Sopris Sun

Carbondale's community supported, weekly newspaper


Maybe you’re a poet — and you do know it. If you’ve ever wanted to try your hand at slam poetry, Friday might be your night. Alya’s Umbrella, Aspen Words and The Arts Campus at Willits (TACAW) have collaborated to bring award-winning John “Meta” Sarmiento to the Temporary at 6:30 p.m. on Jan. 19 for the first-ever poetry slam at the venue.Tickets are $8 in advance at and $11 at the door. Read more >
There are several reasons why one employee may receive higher compensation than another — education, experience and salary negotiations at the time of hiring, among others. But the numbers for Garfield County also reveal another discrepancy among incomes: gender. Men who are employed full time in Garfield County earn, on average, more than 1.5 times than a woman working full time, according to Data USA, an online platform for public, government-published data. The average income of a man in the area is $55,599, whereas the average income of a female is only $37,594. Read more >
Rocks talk to Garry Zabel, and he’s looking forward to sharing their stories.
“If you pick up a rock that has a ripple, it’s telling you something,” he said. “Every type of rock has characteristics that geologists know how to read.”
A professor emeritus at Colorado Mountain College, Zabel is perhaps best known for the field trips he leads to Utah and Arizona. As part of the ongoing Naturalist Nights speaker series, however, he’s preparing to tackle geology closer to home with a presentation at the Third Street Center at 5:30 p.m. Jan. 24 and the next day in Aspen. Read more >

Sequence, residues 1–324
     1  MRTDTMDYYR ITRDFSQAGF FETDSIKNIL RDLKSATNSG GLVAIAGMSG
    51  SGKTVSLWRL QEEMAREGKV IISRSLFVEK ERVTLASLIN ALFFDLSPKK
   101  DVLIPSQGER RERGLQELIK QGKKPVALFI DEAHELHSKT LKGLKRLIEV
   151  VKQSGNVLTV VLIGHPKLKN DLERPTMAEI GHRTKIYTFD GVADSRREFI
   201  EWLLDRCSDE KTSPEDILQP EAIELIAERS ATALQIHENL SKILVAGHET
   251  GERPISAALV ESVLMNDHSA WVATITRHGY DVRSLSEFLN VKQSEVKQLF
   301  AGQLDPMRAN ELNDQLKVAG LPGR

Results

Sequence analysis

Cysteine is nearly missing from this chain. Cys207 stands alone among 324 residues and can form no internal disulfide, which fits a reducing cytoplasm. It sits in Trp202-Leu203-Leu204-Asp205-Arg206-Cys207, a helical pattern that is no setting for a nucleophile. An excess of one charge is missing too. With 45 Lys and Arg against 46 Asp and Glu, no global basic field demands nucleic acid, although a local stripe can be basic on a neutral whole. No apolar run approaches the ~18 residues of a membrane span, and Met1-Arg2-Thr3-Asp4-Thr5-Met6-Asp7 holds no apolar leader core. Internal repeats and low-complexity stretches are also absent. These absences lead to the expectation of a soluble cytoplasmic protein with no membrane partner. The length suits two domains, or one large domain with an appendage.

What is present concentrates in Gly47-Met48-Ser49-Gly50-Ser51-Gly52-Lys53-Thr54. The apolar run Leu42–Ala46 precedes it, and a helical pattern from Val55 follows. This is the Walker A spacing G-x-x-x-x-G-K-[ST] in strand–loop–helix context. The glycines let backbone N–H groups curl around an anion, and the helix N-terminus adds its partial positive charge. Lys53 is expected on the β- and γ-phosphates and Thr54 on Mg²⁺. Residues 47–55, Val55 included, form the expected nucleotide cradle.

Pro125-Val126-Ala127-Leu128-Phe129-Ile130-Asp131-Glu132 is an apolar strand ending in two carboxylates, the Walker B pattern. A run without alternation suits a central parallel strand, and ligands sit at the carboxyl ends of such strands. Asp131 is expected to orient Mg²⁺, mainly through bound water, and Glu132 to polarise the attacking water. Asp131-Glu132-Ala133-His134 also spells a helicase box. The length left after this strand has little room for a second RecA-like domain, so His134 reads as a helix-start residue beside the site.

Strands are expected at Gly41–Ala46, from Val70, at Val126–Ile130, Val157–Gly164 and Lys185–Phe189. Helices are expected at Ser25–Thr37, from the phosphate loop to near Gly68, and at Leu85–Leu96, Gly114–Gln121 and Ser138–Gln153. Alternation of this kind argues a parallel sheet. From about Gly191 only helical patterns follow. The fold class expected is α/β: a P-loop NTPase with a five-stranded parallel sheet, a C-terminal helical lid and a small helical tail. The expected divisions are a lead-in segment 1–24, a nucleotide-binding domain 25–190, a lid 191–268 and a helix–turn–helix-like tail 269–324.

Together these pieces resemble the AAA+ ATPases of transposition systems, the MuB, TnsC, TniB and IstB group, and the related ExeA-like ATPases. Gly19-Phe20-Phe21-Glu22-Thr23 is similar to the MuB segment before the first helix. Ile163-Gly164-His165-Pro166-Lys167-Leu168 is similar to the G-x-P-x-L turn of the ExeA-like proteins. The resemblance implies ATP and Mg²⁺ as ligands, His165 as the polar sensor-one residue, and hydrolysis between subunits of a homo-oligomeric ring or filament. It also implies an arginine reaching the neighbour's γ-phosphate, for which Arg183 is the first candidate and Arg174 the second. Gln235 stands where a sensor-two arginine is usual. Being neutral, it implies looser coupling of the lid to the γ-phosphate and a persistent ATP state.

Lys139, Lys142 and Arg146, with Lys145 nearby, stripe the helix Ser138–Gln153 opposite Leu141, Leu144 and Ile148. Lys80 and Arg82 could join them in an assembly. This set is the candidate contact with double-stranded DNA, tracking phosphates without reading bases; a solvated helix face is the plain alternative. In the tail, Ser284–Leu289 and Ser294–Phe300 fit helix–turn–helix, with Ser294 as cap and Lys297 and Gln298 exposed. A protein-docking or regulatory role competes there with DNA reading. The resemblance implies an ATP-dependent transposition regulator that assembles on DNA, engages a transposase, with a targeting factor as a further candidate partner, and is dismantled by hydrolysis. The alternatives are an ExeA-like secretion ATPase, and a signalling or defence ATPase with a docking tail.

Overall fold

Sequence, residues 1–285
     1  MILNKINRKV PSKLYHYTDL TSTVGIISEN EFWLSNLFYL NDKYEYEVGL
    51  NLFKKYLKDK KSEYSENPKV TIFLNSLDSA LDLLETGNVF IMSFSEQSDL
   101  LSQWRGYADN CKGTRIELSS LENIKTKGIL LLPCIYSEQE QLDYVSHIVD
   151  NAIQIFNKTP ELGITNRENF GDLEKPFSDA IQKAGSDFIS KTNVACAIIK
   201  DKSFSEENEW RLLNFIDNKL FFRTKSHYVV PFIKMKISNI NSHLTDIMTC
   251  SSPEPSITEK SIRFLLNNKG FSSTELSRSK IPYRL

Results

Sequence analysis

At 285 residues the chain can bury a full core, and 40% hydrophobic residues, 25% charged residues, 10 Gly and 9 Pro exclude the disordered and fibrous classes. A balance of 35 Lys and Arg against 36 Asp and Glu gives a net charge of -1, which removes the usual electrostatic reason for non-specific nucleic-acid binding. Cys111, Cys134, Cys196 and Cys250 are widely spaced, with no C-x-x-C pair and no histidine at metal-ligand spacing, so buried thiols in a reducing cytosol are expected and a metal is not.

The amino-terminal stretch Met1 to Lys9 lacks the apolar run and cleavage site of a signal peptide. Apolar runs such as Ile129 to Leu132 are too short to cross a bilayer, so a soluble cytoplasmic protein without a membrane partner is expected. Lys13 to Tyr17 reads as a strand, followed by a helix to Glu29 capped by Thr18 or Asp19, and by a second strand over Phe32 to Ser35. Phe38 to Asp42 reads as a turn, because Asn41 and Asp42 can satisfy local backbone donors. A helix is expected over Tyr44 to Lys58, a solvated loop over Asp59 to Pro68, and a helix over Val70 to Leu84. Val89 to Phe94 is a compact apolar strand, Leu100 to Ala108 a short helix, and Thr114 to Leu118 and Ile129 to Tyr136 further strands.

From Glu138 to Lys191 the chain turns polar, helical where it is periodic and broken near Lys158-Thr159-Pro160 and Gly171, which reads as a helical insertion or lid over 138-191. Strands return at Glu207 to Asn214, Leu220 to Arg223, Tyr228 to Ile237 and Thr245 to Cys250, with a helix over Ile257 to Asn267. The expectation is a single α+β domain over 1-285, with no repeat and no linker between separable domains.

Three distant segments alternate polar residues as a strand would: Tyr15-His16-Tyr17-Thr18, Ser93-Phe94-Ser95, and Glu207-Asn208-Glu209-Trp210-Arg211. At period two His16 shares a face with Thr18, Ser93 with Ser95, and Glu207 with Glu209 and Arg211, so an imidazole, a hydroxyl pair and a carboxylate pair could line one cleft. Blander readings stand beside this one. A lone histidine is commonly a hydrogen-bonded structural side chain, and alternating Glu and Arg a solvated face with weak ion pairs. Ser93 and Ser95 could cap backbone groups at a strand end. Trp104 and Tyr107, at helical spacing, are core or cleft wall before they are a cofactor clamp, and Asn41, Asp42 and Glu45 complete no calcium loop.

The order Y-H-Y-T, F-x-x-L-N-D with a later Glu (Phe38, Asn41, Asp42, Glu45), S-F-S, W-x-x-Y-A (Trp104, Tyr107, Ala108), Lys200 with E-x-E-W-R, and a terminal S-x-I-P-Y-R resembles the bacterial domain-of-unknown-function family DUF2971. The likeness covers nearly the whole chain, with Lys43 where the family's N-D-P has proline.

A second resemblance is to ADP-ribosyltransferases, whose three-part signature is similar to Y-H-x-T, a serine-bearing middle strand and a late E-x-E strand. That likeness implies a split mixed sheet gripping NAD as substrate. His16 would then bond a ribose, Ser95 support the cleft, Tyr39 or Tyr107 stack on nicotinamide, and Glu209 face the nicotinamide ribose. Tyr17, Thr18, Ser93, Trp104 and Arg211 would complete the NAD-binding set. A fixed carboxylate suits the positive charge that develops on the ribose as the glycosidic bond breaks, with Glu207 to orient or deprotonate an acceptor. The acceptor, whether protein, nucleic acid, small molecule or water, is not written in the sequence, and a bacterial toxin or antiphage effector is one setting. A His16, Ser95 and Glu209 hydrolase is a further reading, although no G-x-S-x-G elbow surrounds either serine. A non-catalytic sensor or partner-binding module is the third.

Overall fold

Until recently, sexual assault victims in the Valley had a choice: make the trek to Grand Junction or Frisco in order to obtain the medical exam often necessary for effective legal action or forgo that option. Valley View Hospital ended its Sexual Assault Nurse Examiner (SANE) Program in 2012, leaving a void that could make someone’s worst day worse. Fortunately, the Mountain West SANE Alliance (MWSA) has replaced that loss. Read more >
Neither snow nor rain nor heat nor gloom of night can stay the United States Postal Service, but a dearth of workers can certainly gum up the works a bit. For the last few months, the Carbondale office has been struggling to get ahead after several employees left to pursue other opportunities and some of the remaining staff were affected by illness, injury and the like. Heading into the holidays down 20 percent of their staff and Sunday Amazon delivery suddenly added to their plate, they borrowed employees from other offices as far away as Delta, Montrose and Craig, worked long hours, and still found it an uphill battle. Read more >
Jan. 19, 1978: Aspen was experiencing a dearth of local seasonal help — with anywhere from 40 to 60 percent fewer employees available to each lodge than theoretically needed. “I have been doing maid work. My assistant manager has spent all day helping the housekeeping department,” said Mike Norton, president of the Aspen Chamber of Commerce and manager of the Gant. Some business people put it down to the bad season the previous year (some have drawn comparisons between the winter of ’76-77 and the current one), while Norton blamed the cost of living. Read more >